The Works of the Rev. Jonathan Swift/Volume 13/From Marie St. John to Jonathan Swift - 2 (Translation)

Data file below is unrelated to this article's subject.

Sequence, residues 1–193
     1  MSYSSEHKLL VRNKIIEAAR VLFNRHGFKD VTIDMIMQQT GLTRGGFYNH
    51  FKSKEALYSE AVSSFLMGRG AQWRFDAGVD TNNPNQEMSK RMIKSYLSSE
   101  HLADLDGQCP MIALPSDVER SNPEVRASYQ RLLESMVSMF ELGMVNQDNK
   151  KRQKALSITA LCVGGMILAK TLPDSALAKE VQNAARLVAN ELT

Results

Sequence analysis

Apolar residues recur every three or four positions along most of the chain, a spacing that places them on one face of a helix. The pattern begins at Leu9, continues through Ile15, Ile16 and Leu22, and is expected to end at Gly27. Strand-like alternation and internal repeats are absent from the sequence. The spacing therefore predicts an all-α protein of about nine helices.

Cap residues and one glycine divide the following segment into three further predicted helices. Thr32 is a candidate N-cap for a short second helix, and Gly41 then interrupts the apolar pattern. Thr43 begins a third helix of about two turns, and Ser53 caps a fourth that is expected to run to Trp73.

MR. Pope has given me great pleasure, by assuring me that you are in good health, and showing me a mark of your kind remembrance, in one of your letters. I think you have chosen a wrong time to confine yourself to Dublin, while we reside at Dawley. We should have taken great care of you this winter, and joined together in our aversion to mankind, as much as you pleased; for I do not find they much improve upon a near acquaintance. The French have lately formed in France two theatrical pieces, which are said to have been drawn from Gulliver. They are such wretched stuff, that I shall not send them to you; but it is at least an indication of your honest traveller's having had such success among us, that the name of Gulliver is sufficient to recommend the most paltry performance to the publick. Our farmer embraces you: he complains of your going away without giving him an opportunity to take leave of you, and of your omitting to mention a word concerning him, in one of your letters: but I fancy you are like the coquettes, who, presuming on the power of their charms, are indifferent how far they may offend. I can assure you, that all trespasses will be forgiven you upon the receipt of the very first letter, and still more readily upon the very first hope that we shall see you again. Adieu; take care of yourself, and we shall be satisfied. I have no notion of sending you any news from this country: I am here a stranger more than ever; and I should never think of being naturalized in any other spot, but where I could spend my days in your company.